The Great Dna Chip Derby

Companies are racing to build them faster and cheaper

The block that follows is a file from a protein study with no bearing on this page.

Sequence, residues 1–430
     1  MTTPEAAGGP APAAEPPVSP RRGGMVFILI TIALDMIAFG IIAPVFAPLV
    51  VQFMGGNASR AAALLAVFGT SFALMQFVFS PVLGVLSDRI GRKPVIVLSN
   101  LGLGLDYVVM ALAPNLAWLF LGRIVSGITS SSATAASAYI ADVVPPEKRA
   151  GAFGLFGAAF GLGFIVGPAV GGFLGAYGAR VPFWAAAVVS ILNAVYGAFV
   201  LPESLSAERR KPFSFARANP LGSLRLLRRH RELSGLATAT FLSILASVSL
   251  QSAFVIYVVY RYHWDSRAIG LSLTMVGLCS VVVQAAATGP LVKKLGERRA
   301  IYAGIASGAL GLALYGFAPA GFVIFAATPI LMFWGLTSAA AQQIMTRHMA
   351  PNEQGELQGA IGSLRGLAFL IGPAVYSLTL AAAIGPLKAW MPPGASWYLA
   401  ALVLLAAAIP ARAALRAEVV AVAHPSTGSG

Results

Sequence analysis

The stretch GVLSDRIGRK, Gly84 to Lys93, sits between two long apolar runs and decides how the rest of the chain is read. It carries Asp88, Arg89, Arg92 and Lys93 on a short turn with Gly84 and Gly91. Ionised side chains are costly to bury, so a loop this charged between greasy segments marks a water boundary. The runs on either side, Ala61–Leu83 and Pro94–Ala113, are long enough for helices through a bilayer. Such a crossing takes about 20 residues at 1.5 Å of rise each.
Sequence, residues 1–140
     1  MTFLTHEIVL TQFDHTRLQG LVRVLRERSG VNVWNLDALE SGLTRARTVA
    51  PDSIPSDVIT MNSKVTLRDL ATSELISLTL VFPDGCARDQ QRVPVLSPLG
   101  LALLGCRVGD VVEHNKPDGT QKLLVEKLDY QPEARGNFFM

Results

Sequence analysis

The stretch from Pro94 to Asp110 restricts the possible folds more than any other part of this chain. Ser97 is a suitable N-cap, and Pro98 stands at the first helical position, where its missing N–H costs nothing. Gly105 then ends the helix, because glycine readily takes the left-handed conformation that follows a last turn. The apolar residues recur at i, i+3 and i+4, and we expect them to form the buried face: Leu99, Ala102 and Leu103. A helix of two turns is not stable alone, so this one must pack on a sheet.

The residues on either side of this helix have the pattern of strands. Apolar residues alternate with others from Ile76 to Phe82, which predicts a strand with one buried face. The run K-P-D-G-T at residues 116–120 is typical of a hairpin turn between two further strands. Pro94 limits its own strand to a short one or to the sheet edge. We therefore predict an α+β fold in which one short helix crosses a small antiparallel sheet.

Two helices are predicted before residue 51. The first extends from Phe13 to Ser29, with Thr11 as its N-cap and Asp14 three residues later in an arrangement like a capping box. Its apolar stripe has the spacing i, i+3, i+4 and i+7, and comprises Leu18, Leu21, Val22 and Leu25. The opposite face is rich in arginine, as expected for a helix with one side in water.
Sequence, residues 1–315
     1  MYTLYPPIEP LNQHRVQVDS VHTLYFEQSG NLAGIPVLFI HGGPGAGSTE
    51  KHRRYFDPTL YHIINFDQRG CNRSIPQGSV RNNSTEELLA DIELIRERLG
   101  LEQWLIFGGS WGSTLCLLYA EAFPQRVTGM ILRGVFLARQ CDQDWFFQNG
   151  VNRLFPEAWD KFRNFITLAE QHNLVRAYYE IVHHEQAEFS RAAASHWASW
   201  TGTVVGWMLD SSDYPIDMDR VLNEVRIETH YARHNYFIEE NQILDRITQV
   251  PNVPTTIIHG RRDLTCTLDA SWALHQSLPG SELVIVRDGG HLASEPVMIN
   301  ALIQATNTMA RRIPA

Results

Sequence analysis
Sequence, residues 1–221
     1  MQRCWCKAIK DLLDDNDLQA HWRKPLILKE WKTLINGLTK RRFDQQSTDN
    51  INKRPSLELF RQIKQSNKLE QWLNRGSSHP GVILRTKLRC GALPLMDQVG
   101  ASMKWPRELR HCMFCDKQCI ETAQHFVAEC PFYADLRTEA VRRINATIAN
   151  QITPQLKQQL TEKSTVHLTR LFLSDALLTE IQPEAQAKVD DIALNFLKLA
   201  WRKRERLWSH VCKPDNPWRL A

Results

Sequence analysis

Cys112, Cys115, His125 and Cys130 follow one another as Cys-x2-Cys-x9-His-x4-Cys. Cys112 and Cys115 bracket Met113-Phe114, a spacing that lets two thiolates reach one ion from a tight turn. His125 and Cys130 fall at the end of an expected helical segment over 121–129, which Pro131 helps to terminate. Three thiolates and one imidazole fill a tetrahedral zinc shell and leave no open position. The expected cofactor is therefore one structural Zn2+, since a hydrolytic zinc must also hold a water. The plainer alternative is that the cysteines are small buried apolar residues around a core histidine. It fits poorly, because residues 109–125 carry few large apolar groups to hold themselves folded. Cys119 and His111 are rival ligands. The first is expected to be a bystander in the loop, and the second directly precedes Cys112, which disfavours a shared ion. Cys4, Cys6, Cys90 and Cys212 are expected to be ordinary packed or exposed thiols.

In a small room in the University of Wisconsin's Biotechnology Center in Madison, graduate student Roland D. Green peers down at an array of thousands of tiny mirrors protected by a stainless-steel frame. A DNA synthesizer, a beige box roughly the size of a microwave oven, is tethered to the array by a tangled mess of wires and tubing. The whole system is controlled by a desktop computer. This crudely assembled hodgepodge is an example of a new technology that will revolutionize molecular biology in the next decade or two. The machine makes DNA chips that will do for biology what microprocessors did for computers.

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